Most employers don't take a systematic approach to hiring, especially when it comes to hourly employees. They just post an ad on their website or a job board, collect applications, interview a few people and choose one.

Unfortunately, this no-system, easy-hire approach is self-defeating. It tells every applicant you just need a body to fill the position. And it's why the person hired will often turn out to have an "it's just a job" attitude because that's the impression the employer gave them.

The better approach is to create a system and hire tough. Hire-tough managers have discovered that the harder they make the job to get, the more the best people want it. When you hire tough, you create the impression that yours is a special place to work and that the job is highly desirable.

The seven steps in a hire-tough system are:

1. Job analysis: Writing a thorough job analysis is the first and most crucial step. What capacities (mental and physical), attitudes, personality traits and skills does the job-holder need to have to be a peak performer?

2. Recruiting: A few minutes a day devoted to recruiting activities ensures you're not caught in a bind when you have an immediate need to hire someone. Ongoing recruiting activities prevent the worst mistake of all — desperation hiring.

3. Employment application: Every step in the hiring process should be viewed as a test. Structuring the system this way uses more of the applicant's time and less of yours. The first test is the employment application. Is it neat, clean and legible? Did the applicant follow all instructions? If not, why waste any time with someone who's unwilling or unable to follow instructions?

4. Phone screen: A short prescreen by phone will ensure applicants meet your basic requirements. Call promising applicants to find out if they have reliable transportation, if there are any days and times they can't work, if the salary you're offering meets their needs. Prescreening by phone saves you time and reduces your legal exposure.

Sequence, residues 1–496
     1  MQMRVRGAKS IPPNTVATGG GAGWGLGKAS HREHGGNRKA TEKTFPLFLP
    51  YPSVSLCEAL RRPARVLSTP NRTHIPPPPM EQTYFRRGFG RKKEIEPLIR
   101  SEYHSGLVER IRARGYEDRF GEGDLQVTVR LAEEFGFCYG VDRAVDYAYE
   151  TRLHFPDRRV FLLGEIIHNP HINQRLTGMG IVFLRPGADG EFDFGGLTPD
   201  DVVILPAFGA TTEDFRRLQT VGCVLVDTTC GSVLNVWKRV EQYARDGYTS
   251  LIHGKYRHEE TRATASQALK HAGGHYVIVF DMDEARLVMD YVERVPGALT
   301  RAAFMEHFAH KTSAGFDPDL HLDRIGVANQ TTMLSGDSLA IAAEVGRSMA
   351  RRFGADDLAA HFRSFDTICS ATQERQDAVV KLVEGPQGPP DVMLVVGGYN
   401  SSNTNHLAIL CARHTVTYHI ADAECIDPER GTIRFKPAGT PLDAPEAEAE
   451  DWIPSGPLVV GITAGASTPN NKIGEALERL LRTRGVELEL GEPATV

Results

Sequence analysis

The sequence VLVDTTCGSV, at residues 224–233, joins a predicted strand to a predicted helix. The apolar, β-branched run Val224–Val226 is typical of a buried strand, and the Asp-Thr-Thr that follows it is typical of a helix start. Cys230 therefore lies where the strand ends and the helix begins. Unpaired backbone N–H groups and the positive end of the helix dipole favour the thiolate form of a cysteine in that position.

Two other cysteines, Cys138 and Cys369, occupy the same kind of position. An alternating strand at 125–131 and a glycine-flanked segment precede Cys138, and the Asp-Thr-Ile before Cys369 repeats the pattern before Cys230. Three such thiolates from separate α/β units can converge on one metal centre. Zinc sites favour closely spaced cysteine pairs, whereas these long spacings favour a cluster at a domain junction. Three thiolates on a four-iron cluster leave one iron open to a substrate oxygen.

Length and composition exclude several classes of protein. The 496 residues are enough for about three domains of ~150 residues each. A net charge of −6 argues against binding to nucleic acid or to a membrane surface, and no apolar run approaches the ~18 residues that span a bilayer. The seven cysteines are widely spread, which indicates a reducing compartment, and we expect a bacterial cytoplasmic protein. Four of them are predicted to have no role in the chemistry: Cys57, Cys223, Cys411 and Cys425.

5. Testing: You've probably learned the hard way that an applicant can make a great first impression and turn out to be a real dud on the job. Pre-employment testing is the only way to ensure you get what you need. Always test for any specific skills needed, but, whenever possible, hire for attitude and train for skills. Because most terminations are due to attitude problems, many companies offer simple, online attitude evaluations that measure traits like honesty, customer service orientation and dependability.

6. Interview: While it's still the cornerstone of the employment process, too many interviewers talk way too much during interviews. They talk about the company, their history with the company and the job they need to fill — all the while spoon-feeding the applicant the answers to the interview questions they will ask. For an interview to be a sound basis for a hiring decision, the applicant should do 80 percent of the talking.

7. Employment references and background: Because you and your company can be held liable for the acts of your employees, you should check employment references on every new hire and run the additional checks — drug screens, driving records, criminal records, credit checks — that are appropriate to the position filled. Negligent hiring lawsuits fetch big settlements, so all offers of employment need to be contingent on the outcome of these needed verifications.

When you systemize your hiring process and make your jobs tough to get, you will be able to attract more applicants of a higher quality and select the best of those.